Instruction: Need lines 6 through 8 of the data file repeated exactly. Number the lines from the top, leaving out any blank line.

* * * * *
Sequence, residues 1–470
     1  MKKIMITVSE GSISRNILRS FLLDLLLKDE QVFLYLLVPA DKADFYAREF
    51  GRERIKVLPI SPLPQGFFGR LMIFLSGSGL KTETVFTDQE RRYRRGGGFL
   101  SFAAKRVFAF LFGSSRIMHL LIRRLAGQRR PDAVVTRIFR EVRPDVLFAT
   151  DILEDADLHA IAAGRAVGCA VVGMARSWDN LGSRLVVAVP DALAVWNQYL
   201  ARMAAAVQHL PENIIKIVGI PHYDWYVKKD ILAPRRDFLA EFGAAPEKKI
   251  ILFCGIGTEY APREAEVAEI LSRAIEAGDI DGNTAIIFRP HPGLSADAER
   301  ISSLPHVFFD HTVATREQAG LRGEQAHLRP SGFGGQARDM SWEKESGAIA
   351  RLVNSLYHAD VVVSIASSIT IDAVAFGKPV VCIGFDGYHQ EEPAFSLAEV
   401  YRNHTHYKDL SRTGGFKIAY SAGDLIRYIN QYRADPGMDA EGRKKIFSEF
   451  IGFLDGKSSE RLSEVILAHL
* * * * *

   201  ARMAAAVQHL PENIIKIVGI PHYDWYVKKD ILAPRRDFLA EFGAAPEKKI
   251  ILFCGIGTEY APREAEVAEI LSRAIEAGDI DGNTAIIFRP HPGLSADAER
   301  ISSLPHVFFD HTVATREQAG LRGEQAHLRP SGFGGQARDM SWEKESGAIA